Lemon grass is from the sedge family and is grown commercially throughout Asia and here in the US (Florida mostly). It has long narrow spear like leaves, and both the leaves and stems are very fibrous. The lower part of the plant is very light in colour similar to a green onion. It is available cut in produce markets, or powdered and dried in some Asian markets. Lemon grass is one of the most distinct flavours in Thai and Vietnamese cooking, and adds a lemony flavour to curries and stir-fries, as well as the classic Thai soup, Tom Ka Gai. To use lemon grass, peel away the dried up outer layers to reveal the inner green part. Cut across the grain of the leaves into very thin slices for a stir fry, or for some soups, simply pound with a mallet to soften and release the flavour, and add the entire piece to the pot. It's also crucial to this recipe for peanut sauce beef!
Origin - The genus has several species native to South Asia, Southeast Asia and Australia; C. flexuosus (Sri Lanka, India) and C. citratus (Malaysia, Indonesia) are widely cultivated. Interestingly, lemon grass is not used for cooking (but cultivated for use in perfumes) in South Asia.
The fresh taste of lemon grass is typical for Southeast Asia and Sri Lanka. The spice is most popular in Thailand, Vietnam, Cambodia and on the Indonesian islands. In Thailand, finely ground fresh lemon grass is added to curry pastes (see coconut). Its fine fragrance goes well with poultry, fish and sea food.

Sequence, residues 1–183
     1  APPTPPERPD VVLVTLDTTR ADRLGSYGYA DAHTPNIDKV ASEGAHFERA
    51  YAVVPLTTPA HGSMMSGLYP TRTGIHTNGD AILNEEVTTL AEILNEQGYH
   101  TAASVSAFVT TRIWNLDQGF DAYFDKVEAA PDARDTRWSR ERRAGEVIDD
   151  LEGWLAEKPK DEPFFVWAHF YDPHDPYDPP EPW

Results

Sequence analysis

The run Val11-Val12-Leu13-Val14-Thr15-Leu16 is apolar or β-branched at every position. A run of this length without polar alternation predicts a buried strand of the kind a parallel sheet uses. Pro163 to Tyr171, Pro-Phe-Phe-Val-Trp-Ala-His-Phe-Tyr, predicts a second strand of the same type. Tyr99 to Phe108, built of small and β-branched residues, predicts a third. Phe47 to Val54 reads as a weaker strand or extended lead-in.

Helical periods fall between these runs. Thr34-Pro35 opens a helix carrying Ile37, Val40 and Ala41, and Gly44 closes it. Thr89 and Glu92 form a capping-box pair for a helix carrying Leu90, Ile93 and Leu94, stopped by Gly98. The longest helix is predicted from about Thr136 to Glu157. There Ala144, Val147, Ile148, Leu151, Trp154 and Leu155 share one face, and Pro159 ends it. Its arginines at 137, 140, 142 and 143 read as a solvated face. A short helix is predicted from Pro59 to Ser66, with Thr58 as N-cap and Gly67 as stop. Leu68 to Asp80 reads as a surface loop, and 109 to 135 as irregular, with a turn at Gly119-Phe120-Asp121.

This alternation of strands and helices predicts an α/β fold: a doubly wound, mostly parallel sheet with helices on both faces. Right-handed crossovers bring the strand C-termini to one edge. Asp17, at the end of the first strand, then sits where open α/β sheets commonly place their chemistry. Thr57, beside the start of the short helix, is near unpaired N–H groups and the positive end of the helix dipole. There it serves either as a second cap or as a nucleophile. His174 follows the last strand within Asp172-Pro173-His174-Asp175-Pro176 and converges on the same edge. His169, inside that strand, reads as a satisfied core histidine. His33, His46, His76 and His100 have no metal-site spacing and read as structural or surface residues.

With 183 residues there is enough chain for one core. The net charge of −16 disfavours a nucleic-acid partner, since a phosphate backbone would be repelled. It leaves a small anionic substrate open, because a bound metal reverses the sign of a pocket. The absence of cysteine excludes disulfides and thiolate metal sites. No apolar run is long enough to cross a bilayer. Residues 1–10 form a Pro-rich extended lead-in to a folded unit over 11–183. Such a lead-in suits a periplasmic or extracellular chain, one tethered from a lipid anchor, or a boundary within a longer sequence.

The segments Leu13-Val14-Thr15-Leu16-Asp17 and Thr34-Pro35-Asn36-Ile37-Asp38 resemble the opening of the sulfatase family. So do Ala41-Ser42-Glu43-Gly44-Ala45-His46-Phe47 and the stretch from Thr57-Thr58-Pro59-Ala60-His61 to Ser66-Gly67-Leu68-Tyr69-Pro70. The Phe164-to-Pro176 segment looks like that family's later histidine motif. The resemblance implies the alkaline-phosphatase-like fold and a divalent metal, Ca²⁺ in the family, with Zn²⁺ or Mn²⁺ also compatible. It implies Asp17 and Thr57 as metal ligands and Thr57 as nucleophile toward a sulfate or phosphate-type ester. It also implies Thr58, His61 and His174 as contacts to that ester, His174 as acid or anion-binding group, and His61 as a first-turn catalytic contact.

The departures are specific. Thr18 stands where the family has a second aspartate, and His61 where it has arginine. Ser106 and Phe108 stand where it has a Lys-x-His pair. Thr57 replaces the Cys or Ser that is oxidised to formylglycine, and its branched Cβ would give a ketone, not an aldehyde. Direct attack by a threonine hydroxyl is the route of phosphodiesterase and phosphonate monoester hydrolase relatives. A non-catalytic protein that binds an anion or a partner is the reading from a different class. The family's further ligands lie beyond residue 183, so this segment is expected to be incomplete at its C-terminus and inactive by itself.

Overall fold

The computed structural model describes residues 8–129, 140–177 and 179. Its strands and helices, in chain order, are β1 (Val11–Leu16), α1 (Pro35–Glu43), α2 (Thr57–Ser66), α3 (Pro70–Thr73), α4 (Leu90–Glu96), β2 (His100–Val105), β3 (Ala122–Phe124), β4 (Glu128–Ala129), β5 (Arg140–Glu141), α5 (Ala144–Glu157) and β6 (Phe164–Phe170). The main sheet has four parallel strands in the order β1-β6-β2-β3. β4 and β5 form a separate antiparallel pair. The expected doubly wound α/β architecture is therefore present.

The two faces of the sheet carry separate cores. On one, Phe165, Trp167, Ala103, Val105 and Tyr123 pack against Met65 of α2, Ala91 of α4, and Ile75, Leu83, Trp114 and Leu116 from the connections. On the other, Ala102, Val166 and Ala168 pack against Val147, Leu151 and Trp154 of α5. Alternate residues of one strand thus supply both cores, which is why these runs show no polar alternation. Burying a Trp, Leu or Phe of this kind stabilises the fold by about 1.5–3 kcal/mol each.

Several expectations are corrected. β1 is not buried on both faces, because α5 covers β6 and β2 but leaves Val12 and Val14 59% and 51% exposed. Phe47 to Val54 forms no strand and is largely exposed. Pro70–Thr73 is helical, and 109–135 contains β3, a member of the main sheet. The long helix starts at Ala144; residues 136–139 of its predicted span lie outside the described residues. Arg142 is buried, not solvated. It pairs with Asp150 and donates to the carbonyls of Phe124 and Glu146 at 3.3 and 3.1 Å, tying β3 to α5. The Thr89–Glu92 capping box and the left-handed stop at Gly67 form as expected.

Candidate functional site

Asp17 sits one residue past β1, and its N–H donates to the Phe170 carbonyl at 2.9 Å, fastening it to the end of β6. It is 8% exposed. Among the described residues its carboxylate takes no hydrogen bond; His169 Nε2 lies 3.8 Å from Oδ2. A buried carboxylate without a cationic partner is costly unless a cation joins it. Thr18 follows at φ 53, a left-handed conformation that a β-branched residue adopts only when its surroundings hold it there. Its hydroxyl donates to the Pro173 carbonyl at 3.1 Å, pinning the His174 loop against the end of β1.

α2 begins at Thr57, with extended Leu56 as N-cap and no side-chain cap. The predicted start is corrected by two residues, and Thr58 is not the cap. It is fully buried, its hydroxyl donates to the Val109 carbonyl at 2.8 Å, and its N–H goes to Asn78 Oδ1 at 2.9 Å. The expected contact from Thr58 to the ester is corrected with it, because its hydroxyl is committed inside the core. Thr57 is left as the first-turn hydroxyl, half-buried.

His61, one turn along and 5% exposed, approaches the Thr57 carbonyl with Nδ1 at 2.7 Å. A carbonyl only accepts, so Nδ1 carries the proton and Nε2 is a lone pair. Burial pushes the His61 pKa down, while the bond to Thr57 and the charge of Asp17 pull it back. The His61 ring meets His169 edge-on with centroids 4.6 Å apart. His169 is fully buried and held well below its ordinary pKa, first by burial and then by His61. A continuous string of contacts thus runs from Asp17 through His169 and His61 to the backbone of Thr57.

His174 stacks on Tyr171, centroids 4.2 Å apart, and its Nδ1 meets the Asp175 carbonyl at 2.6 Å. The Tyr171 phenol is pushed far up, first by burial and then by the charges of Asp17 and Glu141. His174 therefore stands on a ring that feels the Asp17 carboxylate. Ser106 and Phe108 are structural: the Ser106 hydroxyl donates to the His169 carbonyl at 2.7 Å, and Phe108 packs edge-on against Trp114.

Vietnamese cookery, being much less spiced, makes use of lemon grass in several ways. A popular Vietnamese meal is bo nhung dam, often translated "vinegar beef" or "Vietnamese fondue". At the table, each diner boils thin slices of beef in a vinegared broth which contains ample lemon grass. The beef is then, together with fresh vegetables and herbs (coriander, mint and water pepper), wrapped in rice paper and eaten with spicy sauces. This recipe demonstrates the Vietnamese faible for food prepared together at the table, for wrapped bits of food and for fresh herbs.
In Indonesia, the term bumbu (spelled boemboe in Dutch) refers to mixtures of ground fresh spices, whose composition is unique for every single dish. In Bali, they are called jangkap (see Indonesian bay-leaf for details). Bumbu is made by grinding spices together in a mortar: Onions provide the background, and garlic, chiles and nuts are rarely missing. Further common ingredients are greater and lesser galangale, turmeric, ginger, kaffir lime leaves, Indonesian bay-leaves and lemon grass. Dried spices are of minor importance, although coriander and black pepper are frequently mentioned. On Java and Bali, toasted or fried trassi (shrimp paste) is never omitted. Bumbu is used either raw or having been stir-fried for a few minutes.
Often, vegetables are simply cooked in a little water, stock or coconut milk together with bumbu; meat, on the other hand, is more frequently rubbed with bumbu and fried or broiled (e.g., sate, the famous skewers; see lesser galangale for another example). Gravies can be intensified by adding one or two tablespoons of bumbu before serving. Lastly, fried bumbu can be used as a condiment.
Further informations on the cuisines of Indonesia can be found at Indonesian bay-leaf and lesser galangale (Bali), greater galangale (Sumatra), coconut (Sulawesi), tamarind (Java) and mango about the pan-Indonesian fruit salad rujak.
The pleasant aroma of lemon grass is never dominating; it can be substituted by lemon balm (though it is, of course, not the same), but not by lime fruits, kaffir lime leaves or lemon myrtle, which are much more dominant.
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